receiving a specification for the generator, wherein the generator is a finite state machine that defines a set of inputs and outputs, and wherein the generator contains parametric inputs to model non-determinism;
receiving the trace, wherein the trace is a sequence of assignments of non-parametric inputs and outputs for the generator, and wherein the trace does not contain assignments of parametric inputs;
using the specification to build a data structure that can be used to determine if a non-parametric input and output are consistent with a parametric input and output for the generator;
verifying elements of the trace, wherein verifying a given element involves using the data structure to determine if there exists any parametric input assignment that causes a match between non-parametric inputs and outputs of the generator with the ones specified in the given element of the trace; and
if the specification of the generator is sequentially deterministic, and hence does not depend on parametric inputs, translating the generator into a checker and using that checker to verify the trace.
9. The computer-readable storage medium of claim 8,
wherein the generator is sequentially deterministic, which means that there exists a single next state for each combination of current state, non-parametric input, and output; and
wherein using the data structure to determine if there exists any parametric input assignment involves,
using the data structure to perform a satisfiability test to determine if there exist any parametric inputs that can match the non-parametric input and output assignment of the generator with the ones of the trace at a current state, and
computing a unique next state based on the current state, the non-parametric input and the output.
10. The computer-readable storage medium of claim 8,
wherein the generator is sequentially non-deterministic, which means that the next state can depend on a parametric input, and consequently there can exist more than one next state for some combinations of current state, non-parametric input, and output; and
wherein using the data structure to determine if there exists any parametric input assignment involves determining a set of next states of a generator;
wherein determining the set of next states involves considering all possible parametric inputs, all states in a current set of states, the non-parametric input and the output;
wherein if there exists at least one state in the set of next states, the non-parametric input and output are consistent with the generator.
11. The computer-readable storage medium of claim 10, wherein determining the set of next states involves computing a forward image and constraining the parametric input and output to their assignments in the trace.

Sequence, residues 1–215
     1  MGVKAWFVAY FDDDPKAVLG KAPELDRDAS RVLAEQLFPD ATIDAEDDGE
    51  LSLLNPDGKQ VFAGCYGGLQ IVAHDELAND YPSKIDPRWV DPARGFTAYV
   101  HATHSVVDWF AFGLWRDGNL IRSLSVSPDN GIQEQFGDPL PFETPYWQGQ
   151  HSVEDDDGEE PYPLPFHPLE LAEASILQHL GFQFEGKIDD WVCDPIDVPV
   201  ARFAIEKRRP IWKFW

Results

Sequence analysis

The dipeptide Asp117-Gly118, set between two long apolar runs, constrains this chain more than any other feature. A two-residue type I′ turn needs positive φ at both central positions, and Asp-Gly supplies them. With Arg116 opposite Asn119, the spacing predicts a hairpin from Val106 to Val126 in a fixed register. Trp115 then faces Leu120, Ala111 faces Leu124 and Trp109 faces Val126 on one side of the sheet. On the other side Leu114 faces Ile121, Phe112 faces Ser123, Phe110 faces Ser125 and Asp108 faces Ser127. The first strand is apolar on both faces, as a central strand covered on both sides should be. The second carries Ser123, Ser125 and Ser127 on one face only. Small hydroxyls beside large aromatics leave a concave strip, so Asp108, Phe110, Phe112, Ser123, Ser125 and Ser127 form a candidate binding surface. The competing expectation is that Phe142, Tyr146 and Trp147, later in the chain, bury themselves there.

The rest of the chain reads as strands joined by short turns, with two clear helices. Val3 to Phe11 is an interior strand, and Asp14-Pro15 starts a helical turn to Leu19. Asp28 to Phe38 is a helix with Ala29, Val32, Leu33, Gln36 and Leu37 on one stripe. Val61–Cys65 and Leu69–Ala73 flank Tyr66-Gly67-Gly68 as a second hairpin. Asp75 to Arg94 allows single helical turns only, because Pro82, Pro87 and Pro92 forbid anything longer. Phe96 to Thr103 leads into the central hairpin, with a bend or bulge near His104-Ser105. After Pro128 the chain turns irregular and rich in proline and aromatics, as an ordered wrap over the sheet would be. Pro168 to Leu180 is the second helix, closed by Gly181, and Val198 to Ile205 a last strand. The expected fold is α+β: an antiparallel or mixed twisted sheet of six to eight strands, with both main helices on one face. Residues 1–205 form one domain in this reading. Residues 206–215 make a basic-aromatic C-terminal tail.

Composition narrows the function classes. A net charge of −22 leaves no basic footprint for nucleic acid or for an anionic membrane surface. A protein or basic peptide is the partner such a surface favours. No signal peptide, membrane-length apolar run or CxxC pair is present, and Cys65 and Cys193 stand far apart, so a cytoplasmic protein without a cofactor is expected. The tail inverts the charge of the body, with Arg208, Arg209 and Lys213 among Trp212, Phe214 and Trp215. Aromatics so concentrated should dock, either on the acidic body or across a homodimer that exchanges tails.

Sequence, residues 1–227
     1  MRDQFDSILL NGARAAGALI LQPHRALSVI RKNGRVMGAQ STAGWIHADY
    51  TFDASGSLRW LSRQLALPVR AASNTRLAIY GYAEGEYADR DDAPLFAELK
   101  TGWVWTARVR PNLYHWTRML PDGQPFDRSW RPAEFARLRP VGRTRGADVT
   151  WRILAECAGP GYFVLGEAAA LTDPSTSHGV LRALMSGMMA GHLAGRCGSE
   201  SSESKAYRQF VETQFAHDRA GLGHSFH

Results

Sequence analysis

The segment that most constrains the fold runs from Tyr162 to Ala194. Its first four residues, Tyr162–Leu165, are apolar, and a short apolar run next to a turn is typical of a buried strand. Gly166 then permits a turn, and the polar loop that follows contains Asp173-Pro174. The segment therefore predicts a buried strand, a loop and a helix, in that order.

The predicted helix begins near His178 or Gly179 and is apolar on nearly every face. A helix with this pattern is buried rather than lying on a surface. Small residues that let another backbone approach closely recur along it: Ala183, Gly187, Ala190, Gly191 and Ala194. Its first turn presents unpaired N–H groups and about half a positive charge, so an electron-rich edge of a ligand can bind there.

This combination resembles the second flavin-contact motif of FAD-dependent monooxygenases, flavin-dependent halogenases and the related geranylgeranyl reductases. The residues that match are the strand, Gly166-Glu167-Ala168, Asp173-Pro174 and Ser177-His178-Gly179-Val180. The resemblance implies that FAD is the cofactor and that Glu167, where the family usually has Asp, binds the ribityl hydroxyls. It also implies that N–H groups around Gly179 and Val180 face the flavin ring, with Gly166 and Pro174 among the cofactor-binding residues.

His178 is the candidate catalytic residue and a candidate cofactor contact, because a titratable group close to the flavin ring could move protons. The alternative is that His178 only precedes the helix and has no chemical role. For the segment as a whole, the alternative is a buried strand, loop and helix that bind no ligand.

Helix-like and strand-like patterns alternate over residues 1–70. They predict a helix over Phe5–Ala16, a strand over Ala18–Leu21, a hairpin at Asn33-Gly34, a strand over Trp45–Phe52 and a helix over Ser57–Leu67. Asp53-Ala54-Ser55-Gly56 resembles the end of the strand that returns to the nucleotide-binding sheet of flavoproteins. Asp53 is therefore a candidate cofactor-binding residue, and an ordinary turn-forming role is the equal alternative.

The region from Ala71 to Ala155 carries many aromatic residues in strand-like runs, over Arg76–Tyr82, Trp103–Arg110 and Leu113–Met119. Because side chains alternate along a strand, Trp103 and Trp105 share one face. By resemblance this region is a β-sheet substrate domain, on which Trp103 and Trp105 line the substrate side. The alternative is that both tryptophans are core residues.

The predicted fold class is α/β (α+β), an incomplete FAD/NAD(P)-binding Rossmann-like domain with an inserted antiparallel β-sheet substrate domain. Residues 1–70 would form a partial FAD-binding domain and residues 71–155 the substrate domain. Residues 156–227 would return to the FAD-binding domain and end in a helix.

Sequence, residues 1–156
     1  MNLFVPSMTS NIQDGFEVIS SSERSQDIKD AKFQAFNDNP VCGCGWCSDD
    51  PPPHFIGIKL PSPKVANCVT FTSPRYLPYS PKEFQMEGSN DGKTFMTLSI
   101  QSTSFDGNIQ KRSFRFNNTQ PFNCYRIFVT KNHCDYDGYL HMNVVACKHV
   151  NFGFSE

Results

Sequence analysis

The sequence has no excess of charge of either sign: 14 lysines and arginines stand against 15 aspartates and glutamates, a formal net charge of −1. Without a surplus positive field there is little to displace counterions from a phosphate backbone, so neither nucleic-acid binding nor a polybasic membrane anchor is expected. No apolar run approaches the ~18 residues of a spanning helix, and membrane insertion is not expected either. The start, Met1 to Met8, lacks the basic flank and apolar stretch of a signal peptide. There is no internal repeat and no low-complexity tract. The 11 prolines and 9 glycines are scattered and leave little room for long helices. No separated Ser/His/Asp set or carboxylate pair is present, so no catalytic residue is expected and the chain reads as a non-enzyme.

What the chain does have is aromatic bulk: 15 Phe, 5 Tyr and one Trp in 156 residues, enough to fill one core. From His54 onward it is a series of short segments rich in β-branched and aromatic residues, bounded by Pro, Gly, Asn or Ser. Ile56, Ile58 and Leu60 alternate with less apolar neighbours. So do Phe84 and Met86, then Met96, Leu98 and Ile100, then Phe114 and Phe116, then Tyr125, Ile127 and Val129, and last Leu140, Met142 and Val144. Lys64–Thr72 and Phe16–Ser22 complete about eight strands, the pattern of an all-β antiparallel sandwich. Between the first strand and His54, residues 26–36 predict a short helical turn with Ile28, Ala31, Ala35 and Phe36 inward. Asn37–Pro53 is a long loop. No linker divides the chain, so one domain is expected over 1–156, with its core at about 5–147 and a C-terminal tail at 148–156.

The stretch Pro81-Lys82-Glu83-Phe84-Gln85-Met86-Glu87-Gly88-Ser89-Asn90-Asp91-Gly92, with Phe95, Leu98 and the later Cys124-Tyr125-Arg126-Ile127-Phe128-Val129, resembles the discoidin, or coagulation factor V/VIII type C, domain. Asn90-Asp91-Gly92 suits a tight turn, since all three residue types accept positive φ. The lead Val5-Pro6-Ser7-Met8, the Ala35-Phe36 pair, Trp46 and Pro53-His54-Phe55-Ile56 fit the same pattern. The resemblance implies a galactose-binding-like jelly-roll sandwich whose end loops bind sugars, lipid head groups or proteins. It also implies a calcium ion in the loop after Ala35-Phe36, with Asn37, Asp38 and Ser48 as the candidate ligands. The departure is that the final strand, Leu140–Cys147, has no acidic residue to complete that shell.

12. The computer-readable storage medium of claim 8, wherein the trace is produced by a simulation of a system under test.
13. The computer-readable storage medium of claim 8, wherein the data structure is in the form of a binary decision diagram (BDD).
14. The computer-readable storage medium of claim 8, wherein if for all possible parametric inputs the non-parametric input and output are not consistent with a generator output, the trace is not valid.
15. An apparatus that verifies whether a trace can be produced by a generator, comprising:
a receiving mechanism configured to receive a specification for the generator, wherein the generator is a finite state machine that defines a set of inputs and outputs, and wherein the generator contains parametric inputs to model non-determinism;
wherein the receiving mechanism is additionally configured to receive the trace, wherein the trace is a sequence of assignments of non-parametric inputs and outputs for the generator, and wherein the trace does not contain assignments of parametric inputs;
a data structure building mechanism configured to use the specification to build a data structure that can be used to determine if a non-parametric input and output are consistent with a parametric input and output for the generator;
a verification mechanism configured to verify elements of the trace, wherein verifying a given element involves using the data structure to determine if there exists any parametric input assignment that causes a match between non-parametric inputs and outputs of the generator with the ones specified in the given element of the trace; and
a translation mechanism configured to translate the generator into a checker and use that checker to verify the trace if the specification of the generator is sequentially deterministic, and hence does not depend on parametric inputs.
16. The apparatus of claim 15,